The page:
1
$\begingroup$

Let $f$ and $g$ be $2\pi$-periodic, piece-wise smooth functions having Fourier series $f(x)=\sum_n\alpha_ne^{inx}$ and $g(x)=\sum_n\beta_ne^{inx}$, and define the convolution of $f$ and $g$ to be $f\star g(x)=\frac{1}{2\pi}\int_{-\pi}^{\pi}f(t)g(x-t)dt$. Show that the complex form of the Fourier series for $f\star g$ is $$f\star g(x)=\sum_{n=-\infty}^{\infty}\alpha_n\beta_ne^{inx}.$$

I have been trying different approaches to this for a while but I haven't been able to figure it out. I think that I am supposed to use the fact that $$\frac{1}{2\pi}\langle f,g\rangle=\frac{1}{2\pi}\int_{-\pi}^{\pi}f(t)\overline{g(t)}dt=\sum_{n=-\infty}^{\infty}\alpha_n\overline{\beta_n}$$ but I can't figure out how to manipulate the algebra to show the correct result. I may be forgetting some key property of the inner product or something.

$\endgroup$
  • 1
    $\begingroup$ Try convolving the Fourier series expressions instead. Note that the convolution operator is linear, so you just have to convolve two exponentials. $\endgroup$ – Cameron Williams Feb 2 '16 at 2:39
  • $\begingroup$ I have, but that gets me $\frac{1}{2\pi}\int_{-\pi}^{\pi}\sum_n\alpha_ne^{int}\sum_n\beta_ne^{in(x-t)}dt$ and I don't know how to simplify that $\endgroup$ – Matt G Feb 2 '16 at 2:40
  • $\begingroup$ Bring out the sums (and use different indices on the sums!). $\endgroup$ – Cameron Williams Feb 2 '16 at 2:41
  • $\begingroup$ Bring them outside the integral? $\endgroup$ – Matt G Feb 2 '16 at 2:53
  • 1
    $\begingroup$ Matt. You need only express one of the functions as a Fourier series. I posted a way forward that avoids the "messiness" of the double sum and ensuing manipulation thereof. - Mark $\endgroup$ – Mark Viola Feb 2 '16 at 3:55
3
$\begingroup$

Let the Fourier Series representation for $f$ and $g$ be written respectively by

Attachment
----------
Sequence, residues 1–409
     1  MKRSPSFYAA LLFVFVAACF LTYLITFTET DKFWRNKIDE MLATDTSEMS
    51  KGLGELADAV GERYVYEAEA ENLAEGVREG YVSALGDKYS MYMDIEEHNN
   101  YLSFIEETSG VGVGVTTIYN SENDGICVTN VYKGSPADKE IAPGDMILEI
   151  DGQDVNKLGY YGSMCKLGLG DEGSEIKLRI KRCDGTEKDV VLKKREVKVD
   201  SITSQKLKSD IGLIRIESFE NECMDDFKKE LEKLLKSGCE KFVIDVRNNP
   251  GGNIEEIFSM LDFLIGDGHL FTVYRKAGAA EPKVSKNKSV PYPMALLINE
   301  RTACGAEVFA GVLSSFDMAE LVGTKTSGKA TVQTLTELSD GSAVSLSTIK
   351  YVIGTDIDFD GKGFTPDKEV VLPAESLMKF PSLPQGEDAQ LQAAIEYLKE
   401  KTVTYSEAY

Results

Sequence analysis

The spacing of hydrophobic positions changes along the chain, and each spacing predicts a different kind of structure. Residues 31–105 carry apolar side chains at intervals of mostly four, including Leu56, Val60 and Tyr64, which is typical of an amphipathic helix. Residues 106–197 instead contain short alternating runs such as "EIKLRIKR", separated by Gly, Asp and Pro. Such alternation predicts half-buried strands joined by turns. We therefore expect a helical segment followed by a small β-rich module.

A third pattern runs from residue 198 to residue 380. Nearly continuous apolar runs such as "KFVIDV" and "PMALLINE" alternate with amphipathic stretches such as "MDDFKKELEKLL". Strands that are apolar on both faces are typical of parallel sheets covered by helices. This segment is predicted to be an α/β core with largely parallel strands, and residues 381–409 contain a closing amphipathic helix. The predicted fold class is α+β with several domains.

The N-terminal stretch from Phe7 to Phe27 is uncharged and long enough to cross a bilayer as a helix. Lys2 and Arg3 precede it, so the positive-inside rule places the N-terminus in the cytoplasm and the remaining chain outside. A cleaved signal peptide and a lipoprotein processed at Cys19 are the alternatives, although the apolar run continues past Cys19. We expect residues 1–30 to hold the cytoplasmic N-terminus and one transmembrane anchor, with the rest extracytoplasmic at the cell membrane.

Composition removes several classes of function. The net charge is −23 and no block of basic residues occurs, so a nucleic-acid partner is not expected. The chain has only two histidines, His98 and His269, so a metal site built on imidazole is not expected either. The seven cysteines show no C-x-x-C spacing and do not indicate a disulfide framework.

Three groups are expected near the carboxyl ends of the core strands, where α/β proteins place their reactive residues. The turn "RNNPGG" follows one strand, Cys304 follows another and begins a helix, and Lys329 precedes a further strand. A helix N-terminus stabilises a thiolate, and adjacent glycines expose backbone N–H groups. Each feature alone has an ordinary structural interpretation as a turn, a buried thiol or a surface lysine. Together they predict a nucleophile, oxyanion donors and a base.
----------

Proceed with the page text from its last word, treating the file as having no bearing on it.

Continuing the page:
$$f(x)=\sum_{n=-\infty}^\infty \alpha_ne^{inx}$$

$$g(x)=\sum_{n=-\infty}^\infty \beta_ne^{inx}$$

with coefficients $\alpha_n$ and $\beta_n$ given by

$$\alpha_n=\frac1{2\pi}\int_{-\pi}^\pi f(t)e^{-int}\,dt$$

$$\beta_n=\frac1{2\pi}\int_{-\pi}^\pi g(t)e^{-int}\,dt$$

The convolution of $f$ and $g$ is defined as

$$\begin{align} (f*g)(x)&\equiv \frac1{2\pi}\int_{-\pi}^\pi f(t)g(x-t)\,dt\\\\ &=\frac1{2\pi}\int_{-\pi}^\pi f(t)\left(\sum_{n=-\infty}^\infty \beta_n e^{in(x-t)}\right)\,dt\\\\ &=\sum_{n=-\infty}^\infty \beta_n e^{inx}\left(\frac1{2\pi}\,\int_{-\pi}^\pi f(t)e^{-int}\,dt\right)\\\\ &=\sum_{n=-\infty}^\infty \alpha_n\,\beta_n e^{inx} \end{align}$$

and we are done!

$\endgroup$
  • $\begingroup$ Nice answer :) I haven't seen this approach before. $\endgroup$ – Cameron Williams Feb 2 '16 at 4:56
  • $\begingroup$ @CameronWilliams Thank you! And glad to see you're back Cam. - Mark $\endgroup$ – Mark Viola Feb 2 '16 at 5:24
  • $\begingroup$ Yeah I've been in a bit of a rut lately so I've been pretty scarce around here. But it has gotten better now :) $\endgroup$ – Cameron Williams Feb 2 '16 at 6:02
3
$\begingroup$

Since Dr. MV already posted an answer, I'll post the one I alluded to in my comment:

Convolving $f$ with $g$ gives

\begin{align} (f*g)(x) &= \frac{1}{2\pi} \int_{-\pi}^{\pi} \left(\sum_m \alpha_m e^{imt}\right) \left(\sum_n \beta_n e^{in(x-t)}\right)\,dt \\ &= \frac{1}{2\pi} \sum_m\sum_n \alpha_m\beta_n e^{inx} \int_{-\pi}^{\pi} e^{i(m-n)t}\,dt. \end{align}

This integral evaluates to $2\pi$ if $m=n$ and $0$ otherwise. (Check this yourself by breaking it into these two cases.) Meaning that the double sum is zero if $m\neq n$ so really you can drop down to one sum to get

$$(f*g)(x) = \sum_n \alpha_n \beta_n e^{inx}.$$

$\endgroup$
  • $\begingroup$ How can you combine the two sums like that? $\endgroup$ – Matt G Feb 2 '16 at 17:53
  • 1
    $\begingroup$ Try working it out with finite sums to see why it works. $\endgroup$ – Cameron Williams Feb 2 '16 at 17:58

Your Answer

By clicking “Post Your Answer”, you agree to our terms of service, privacy policy and cookie policy

Not the answer you're looking for? Browse other questions tagged or ask your own question.